Final thoughts:    I've heard this film described as some sort of anti-American rant on the part of a Michael Bay disgusted with his own crapulence, but such sentiments derive from too many martinis at the post-movie hangout.  Pain and Gain is not classic cinema, but it's one of the funniest movies I've seen in a good long while, and proof positive that when he desperately wants to, even Michael Bay can produce quality work.  Presently the movie is in the process of being savaged critically, a reaction that I have to imagine is derived from a general critical contempt for Bay and all his works.  I can't exactly fault the theory (some people do just need to hang it up), but if Bay can produce more works like this one, I might well be tempted to call myself a fan.

And if not, at least it's one year we don't have to watch Shia LeBoeuf.

Final Score:  7.5/10


Alternate Title:  Venue for Shirt Removal, Volume XIII

One sentence synopsis:   Two boys from rural Arkansas befriend a drifter with a violent past, and try to help him reconnect with his old girlfriend.

Things Havoc liked:  At some point, some years ago, Matthew McConaughey decided that he was tired of playing leading men, and began instead playing scuzy people engaged in sleazy business.  As I hated every movie he served as the leading man of, I felt this was an excellent idea, and have followed him through such films as Bernie, Killer Joe, and Magic Mike.  While Mud is not quite a step forward along this career renaissance path, as it casts him in the role of a heroic, misunderstood loner who removes his shirt (of course), it still represents an improvement over his earlier work, if only because Mud, despite what the trailers would tell you, is not about McConaughey at all, but about a pair of teenage kids played by unknown child actors Tye Sheridan and Jacob Lofland.

Yes, Mud, pitched to audiences as a crime drama, is really a coming of age story centered around two kids named Ellis and Neckbone, boys from the rural backwaters of Arkansas who live in fractured or fracturing homes and who meet and gradually become entangled in the lives of drifter Mud, his girlfriend Juniper (Reese Witherspoon), his 'father' Tom (Sam Shepard) and the men searching for him (led by the seemingly immortal Joe Don Baker).  While Mud forms the focus of the plot, he's hardly the main character, and fortunately the two kids (particularly Lofland) act nearly everyone else off the screen.  Too many coming-of-age movies are maudlin reminiscences on what some middle-aged writer thinks it was like to be young, or require the actors in question to recite dialogue which no teenager has ever uttered.  Not here.  Ellis and Neckbone have exactly the perfect combination of deep worldliness and astonishing naivety that many teenagers have but do not commonly evidence, and their conversation and demeanor, around one another and around the rest of the cast, is so perfectly right that it essentially carries the film.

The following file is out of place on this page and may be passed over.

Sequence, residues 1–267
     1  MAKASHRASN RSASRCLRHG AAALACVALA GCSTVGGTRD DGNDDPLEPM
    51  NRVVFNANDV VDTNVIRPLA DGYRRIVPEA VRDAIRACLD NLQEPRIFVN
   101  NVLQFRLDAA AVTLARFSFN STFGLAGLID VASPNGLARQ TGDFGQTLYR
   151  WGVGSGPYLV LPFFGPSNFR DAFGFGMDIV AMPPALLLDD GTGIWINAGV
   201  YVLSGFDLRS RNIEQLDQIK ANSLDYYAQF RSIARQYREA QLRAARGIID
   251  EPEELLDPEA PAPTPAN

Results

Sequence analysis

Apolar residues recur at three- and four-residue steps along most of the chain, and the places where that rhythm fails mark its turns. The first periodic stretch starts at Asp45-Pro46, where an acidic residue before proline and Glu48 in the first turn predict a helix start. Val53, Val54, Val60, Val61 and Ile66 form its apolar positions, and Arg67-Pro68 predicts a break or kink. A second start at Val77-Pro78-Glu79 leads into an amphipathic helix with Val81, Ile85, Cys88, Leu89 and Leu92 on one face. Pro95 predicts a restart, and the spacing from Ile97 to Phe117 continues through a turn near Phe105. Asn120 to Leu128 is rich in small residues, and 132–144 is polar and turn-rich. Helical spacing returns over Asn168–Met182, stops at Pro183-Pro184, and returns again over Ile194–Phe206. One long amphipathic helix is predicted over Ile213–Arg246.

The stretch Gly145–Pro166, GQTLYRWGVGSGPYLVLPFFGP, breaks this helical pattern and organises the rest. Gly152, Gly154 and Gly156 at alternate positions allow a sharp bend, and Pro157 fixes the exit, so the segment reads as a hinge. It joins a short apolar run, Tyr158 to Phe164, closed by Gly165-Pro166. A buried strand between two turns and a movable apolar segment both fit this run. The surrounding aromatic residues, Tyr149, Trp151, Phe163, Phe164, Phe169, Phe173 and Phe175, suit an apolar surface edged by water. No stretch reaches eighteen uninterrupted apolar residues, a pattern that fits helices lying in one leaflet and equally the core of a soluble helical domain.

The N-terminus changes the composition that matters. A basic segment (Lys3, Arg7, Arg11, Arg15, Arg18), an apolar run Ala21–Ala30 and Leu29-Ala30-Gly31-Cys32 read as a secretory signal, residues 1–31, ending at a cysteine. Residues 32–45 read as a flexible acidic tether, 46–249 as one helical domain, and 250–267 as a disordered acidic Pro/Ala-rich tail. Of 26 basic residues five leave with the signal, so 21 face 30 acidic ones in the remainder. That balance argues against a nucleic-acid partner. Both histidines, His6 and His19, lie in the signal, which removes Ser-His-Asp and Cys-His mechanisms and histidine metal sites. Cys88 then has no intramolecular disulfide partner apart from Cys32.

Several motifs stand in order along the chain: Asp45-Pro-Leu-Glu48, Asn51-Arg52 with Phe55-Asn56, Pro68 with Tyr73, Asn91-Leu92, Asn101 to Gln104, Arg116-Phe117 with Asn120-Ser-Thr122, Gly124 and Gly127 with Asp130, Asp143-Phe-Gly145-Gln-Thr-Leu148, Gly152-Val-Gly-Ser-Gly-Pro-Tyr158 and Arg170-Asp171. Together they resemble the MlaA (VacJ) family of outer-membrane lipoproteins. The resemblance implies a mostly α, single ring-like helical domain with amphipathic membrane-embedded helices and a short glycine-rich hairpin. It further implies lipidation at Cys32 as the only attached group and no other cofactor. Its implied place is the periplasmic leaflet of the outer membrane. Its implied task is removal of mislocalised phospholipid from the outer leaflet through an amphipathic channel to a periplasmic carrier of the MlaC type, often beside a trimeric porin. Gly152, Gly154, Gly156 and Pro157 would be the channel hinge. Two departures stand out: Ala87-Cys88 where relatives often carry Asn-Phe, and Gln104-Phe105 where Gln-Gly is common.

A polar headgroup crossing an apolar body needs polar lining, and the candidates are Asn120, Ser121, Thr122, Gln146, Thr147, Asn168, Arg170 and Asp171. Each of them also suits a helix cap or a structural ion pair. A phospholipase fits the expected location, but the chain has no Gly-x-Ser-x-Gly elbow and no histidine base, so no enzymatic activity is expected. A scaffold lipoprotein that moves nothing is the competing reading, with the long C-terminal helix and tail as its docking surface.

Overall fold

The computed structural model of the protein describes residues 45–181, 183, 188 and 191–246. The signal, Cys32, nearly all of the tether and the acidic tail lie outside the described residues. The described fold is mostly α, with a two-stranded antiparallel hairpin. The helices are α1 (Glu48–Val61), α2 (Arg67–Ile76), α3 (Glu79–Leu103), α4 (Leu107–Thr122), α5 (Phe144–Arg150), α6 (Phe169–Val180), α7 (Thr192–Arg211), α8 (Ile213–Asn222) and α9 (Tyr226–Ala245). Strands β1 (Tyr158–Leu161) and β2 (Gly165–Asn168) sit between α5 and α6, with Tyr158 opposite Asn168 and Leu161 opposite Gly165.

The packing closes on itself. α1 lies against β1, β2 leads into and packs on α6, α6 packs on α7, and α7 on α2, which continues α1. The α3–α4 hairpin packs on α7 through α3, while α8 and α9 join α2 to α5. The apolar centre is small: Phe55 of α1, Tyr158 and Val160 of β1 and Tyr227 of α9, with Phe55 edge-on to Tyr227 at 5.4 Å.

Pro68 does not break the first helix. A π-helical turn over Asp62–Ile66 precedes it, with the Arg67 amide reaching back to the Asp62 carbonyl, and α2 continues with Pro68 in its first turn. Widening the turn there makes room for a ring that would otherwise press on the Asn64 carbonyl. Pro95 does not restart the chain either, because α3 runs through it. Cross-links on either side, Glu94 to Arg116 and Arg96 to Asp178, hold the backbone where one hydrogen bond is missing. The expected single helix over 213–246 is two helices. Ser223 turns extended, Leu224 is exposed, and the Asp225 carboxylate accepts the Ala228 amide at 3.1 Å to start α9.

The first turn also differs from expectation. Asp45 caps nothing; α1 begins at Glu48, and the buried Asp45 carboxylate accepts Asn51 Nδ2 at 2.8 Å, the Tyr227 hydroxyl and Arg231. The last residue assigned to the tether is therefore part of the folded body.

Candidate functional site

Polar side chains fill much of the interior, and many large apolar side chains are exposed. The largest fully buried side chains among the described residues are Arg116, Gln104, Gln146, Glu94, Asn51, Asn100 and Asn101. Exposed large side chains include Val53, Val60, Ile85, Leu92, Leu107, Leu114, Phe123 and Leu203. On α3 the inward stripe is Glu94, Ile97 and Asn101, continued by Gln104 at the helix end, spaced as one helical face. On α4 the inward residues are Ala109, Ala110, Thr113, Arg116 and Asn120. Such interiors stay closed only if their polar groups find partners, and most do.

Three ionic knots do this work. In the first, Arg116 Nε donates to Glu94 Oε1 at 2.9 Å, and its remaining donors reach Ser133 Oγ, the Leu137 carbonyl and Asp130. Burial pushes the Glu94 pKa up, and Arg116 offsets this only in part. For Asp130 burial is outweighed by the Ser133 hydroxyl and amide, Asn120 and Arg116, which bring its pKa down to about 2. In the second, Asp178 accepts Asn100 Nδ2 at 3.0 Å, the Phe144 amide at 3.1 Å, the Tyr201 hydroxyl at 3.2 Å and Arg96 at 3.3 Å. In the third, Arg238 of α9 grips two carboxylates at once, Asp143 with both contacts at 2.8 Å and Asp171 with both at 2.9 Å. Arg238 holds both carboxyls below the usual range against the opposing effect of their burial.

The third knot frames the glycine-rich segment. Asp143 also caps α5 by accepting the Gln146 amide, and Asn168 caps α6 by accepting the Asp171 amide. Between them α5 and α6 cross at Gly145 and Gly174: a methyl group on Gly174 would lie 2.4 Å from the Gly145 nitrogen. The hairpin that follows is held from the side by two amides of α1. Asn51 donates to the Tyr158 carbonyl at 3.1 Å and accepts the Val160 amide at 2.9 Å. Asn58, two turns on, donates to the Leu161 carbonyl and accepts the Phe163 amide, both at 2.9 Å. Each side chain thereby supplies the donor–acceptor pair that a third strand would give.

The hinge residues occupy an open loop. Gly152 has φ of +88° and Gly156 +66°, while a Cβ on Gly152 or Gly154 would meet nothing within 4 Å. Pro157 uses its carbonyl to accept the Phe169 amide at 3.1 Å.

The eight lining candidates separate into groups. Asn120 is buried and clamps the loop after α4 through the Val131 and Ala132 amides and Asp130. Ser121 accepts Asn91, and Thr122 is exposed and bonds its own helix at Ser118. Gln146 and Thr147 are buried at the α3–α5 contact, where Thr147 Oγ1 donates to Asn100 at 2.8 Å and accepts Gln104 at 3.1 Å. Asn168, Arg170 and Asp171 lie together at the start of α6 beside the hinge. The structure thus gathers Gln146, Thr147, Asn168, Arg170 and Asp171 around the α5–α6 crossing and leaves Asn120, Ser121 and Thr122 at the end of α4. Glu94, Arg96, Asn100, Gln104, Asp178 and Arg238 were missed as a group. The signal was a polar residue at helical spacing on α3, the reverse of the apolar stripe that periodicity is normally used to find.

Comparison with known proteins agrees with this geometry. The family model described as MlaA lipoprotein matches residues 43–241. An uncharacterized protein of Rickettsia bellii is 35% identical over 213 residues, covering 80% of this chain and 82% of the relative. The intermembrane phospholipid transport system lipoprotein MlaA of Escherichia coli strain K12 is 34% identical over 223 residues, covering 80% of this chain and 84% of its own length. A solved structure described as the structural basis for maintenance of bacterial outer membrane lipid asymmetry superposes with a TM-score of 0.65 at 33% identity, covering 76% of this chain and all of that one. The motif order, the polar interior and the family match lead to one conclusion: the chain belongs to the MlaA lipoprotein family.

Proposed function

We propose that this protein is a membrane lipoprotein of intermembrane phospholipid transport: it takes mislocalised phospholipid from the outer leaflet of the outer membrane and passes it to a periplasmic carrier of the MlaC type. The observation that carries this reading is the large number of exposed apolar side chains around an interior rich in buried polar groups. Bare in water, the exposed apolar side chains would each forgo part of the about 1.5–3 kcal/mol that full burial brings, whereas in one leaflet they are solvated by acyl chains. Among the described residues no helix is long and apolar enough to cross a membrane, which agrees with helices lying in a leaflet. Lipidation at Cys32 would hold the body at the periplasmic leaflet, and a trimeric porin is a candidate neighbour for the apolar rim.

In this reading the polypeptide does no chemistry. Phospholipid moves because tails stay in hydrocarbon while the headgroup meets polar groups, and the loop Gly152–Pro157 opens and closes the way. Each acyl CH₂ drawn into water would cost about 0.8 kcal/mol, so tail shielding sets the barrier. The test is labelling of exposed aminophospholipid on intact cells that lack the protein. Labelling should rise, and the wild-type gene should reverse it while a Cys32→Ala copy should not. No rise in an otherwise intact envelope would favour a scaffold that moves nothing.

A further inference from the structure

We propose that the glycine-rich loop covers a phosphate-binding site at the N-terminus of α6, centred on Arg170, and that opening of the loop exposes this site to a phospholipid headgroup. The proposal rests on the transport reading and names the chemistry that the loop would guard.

Not that the boys don't have help.  The movie has a large, ensemble cast, including Deadwood alums Ray McKinnon and Sarah Paulson as Ellis' separating parents, and soon-to-be-Zod Michael Shannon as Neckbone's adoptive uncle.  Every one of these people, including those listed further above, carries just the right note for the area.  Poor they may be, and redneck, but the movie never makes them into stereotypes, either in the drunken asshole sense, the bible-thumping fanatic sense, or the wise, magic poor man sense.  It may sound like nothing, but a movie that manages to portray a dozen different characters as fully, believably human, is a rare commodity.  And the film has the sense to simply let the characters interact and see where they go, rather than trying to drag things out through "shocking revelations" or sudden twists of plot.

Things Havoc disliked:  Of course the director can only restrain himself for so long.  The entire climax of the film (which I shall not spoil here) needed to be rethought, and the notion of the bounty hunters come to town to look for Mud was simply unworthy of a film so staunchly real.  I do not deny that there are armed men for hire in the world willing to track a fugitive down and kill him (a number of them are on reality TV), but surely they do not conduct themselves the way they are portrayed as doing here.

But the other issue is McConaughey.  No, he doesn't do a bad job, far from it.  His character is reasonably interesting and works well off the kids (basically the only characters he ever meets).  The issue is that his character was just not well thought out.  He is a criminal and a killer, yes, but the movie immediately neuters this by constructing a set of circumstances around his crimes obviously contrived for the sole purpose of making him "still a good guy".  It is churlish to criticize a movie for not being another movie, but it strikes me that a far more interesting film could have been made about the same characters interacting with a killer who was a real killer, not some sanitized saint who poses no threat to anybody but them what deserve it.  At the very least, the film could have tried to ratchet up the uncertainty factor with Mud, but unfortunately it seems so afraid that people will spend some length of the film disliking McConaughey enough that it won't take any dramatic chances with his character.

Final thoughts:    Fortunately for the movie though, all of the characters besides Mud himself are so real and so interesting in their realness, that the film doesn't really suffer from turning Mud from a character into a plot device.  The movie is not long, but the pace is slow and lugubrious, and lets the tension build naturally and not from plot absurdities, at least most of the time.  What we're left with is a character study with multiple, interesting characters, all of them played well, and with dialog and shot construction that is both interesting and true.  What more, honestly, do you want?

Final Score:  7/10

The General's Post Summer 2018 Roundup